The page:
A second floor bridge will provide “coatless” access to the new John R. Oishei Children’s Hospital and the Conventus medical office building under construction along High Street adjacent to UB’s new medical school.
Floors three through five of the medical school will feature core research facilities as well as approximately 150,000 square feet of state-of-the art research laboratories for faculty in the basic sciences.
“These labs represent an evolution of the modular designs first developed in 2008 for UB’s New York State Center of Excellence in Bioinformatics and Life Sciences and which continued with the CTRC (UB’s Clinical and Translational Research Center at 875 Ellicott St.),” explained Cain. “The new lab spaces will allow us to efficiently group faculty by thematic research areas and, because they are modular, we can change their size and configuration as needed.”
The building’s sixth floor will house some of the most advanced and specialized medical education facilities in the U.S., such as an expanded patient care simulation center, which will include the Behling Simulation Center, currently located on UB’s South Campus.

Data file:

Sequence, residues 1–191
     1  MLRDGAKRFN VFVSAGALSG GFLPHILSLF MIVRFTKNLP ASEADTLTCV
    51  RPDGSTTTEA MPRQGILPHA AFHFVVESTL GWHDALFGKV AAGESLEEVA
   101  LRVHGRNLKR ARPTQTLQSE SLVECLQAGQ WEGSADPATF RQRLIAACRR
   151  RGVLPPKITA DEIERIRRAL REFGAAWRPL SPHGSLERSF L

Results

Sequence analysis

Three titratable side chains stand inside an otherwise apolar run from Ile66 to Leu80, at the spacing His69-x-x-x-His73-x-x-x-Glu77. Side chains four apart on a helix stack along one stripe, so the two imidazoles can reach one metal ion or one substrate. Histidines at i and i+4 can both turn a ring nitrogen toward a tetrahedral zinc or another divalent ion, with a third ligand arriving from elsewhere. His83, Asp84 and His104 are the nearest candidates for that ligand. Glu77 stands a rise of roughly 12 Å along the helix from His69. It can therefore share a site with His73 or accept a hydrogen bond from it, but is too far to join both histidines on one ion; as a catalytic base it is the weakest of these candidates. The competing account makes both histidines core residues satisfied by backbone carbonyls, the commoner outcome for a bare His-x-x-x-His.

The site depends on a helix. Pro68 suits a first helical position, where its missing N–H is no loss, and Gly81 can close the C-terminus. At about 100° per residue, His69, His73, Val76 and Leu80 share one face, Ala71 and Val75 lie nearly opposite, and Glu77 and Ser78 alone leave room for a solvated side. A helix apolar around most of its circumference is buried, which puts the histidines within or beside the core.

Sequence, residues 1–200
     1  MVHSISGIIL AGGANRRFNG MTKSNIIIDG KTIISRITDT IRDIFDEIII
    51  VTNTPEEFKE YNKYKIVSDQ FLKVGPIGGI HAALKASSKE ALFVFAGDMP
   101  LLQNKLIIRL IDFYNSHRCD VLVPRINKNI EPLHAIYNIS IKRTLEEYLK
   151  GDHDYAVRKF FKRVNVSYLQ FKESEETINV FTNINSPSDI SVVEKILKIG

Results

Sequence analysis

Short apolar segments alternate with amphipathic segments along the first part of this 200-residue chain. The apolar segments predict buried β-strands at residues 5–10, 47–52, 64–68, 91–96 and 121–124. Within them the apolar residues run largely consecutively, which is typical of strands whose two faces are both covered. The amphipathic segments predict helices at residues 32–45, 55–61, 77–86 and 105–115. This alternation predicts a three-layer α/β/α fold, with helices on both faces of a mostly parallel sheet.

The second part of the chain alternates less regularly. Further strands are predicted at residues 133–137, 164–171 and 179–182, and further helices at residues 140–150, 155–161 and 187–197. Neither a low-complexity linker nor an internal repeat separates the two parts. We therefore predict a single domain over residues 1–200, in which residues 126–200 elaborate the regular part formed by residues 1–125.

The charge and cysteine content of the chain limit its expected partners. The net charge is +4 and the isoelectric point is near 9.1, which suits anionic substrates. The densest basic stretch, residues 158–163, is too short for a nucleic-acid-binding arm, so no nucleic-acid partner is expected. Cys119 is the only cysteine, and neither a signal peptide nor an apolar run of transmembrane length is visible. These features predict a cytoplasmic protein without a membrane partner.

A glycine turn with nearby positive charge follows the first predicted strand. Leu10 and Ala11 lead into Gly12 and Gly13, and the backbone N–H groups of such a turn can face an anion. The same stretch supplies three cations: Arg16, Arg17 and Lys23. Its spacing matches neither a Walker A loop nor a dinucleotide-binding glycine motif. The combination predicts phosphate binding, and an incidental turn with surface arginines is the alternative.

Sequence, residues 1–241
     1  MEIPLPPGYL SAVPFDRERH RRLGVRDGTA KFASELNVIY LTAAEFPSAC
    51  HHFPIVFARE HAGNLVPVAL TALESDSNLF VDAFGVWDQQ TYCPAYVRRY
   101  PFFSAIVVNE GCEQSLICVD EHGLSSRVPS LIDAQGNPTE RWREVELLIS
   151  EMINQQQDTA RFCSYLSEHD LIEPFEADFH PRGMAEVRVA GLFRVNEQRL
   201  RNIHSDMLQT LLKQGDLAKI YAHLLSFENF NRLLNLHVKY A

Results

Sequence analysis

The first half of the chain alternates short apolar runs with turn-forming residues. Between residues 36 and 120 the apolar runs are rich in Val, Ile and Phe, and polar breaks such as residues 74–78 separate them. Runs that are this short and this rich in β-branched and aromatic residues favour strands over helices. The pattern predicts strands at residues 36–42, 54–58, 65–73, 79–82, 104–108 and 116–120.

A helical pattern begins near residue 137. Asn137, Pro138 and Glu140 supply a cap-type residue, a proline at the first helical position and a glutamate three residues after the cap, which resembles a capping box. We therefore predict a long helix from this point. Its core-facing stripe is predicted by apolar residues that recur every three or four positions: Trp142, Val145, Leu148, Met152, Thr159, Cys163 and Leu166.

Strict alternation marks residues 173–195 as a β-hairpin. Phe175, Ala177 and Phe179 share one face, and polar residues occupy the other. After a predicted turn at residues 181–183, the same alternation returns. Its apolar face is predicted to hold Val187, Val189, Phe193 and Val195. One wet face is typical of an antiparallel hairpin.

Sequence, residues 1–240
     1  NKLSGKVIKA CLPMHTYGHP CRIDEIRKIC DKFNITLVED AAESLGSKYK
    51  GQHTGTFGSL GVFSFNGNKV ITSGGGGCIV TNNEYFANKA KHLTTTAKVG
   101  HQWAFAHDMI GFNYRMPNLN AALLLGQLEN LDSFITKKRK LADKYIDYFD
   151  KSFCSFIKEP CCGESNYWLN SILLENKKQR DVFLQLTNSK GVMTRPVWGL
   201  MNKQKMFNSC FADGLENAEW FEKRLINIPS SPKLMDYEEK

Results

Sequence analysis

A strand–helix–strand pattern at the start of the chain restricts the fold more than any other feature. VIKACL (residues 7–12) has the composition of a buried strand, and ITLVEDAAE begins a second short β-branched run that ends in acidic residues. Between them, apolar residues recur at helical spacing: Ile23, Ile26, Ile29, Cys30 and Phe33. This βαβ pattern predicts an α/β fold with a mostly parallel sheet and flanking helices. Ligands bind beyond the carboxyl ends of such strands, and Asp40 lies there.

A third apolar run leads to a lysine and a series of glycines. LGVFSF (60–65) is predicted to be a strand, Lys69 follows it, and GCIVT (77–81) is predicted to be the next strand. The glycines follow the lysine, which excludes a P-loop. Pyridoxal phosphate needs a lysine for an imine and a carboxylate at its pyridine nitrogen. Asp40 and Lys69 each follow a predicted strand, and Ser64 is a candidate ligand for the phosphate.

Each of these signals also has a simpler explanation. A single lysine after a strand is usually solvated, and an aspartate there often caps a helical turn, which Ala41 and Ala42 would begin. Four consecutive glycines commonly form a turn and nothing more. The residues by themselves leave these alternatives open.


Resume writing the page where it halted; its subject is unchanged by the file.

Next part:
It also will house a surgical simulation center, in which medical students can conduct surgeries in a simulated operating room. A complementary robotic surgery simulation center will train students and physicians in the latest remotely controlled robotic surgery technologies.
The building’s seventh floor will house gross anatomy facilities. The medical school’s administrative offices and academic departments will be located on floors three through seven.
The building will not have its own cafeteria or dining facility.
“We intentionally did not plan for these retail establishments within the building,” explained Laura Hubbard, UB’s vice president for finance and administration. “The design is intentionally encouraging people to go out into the community to purchase food and other items. The university hopes this will provide a significant economic development benefit to the surrounding neighborhoods.”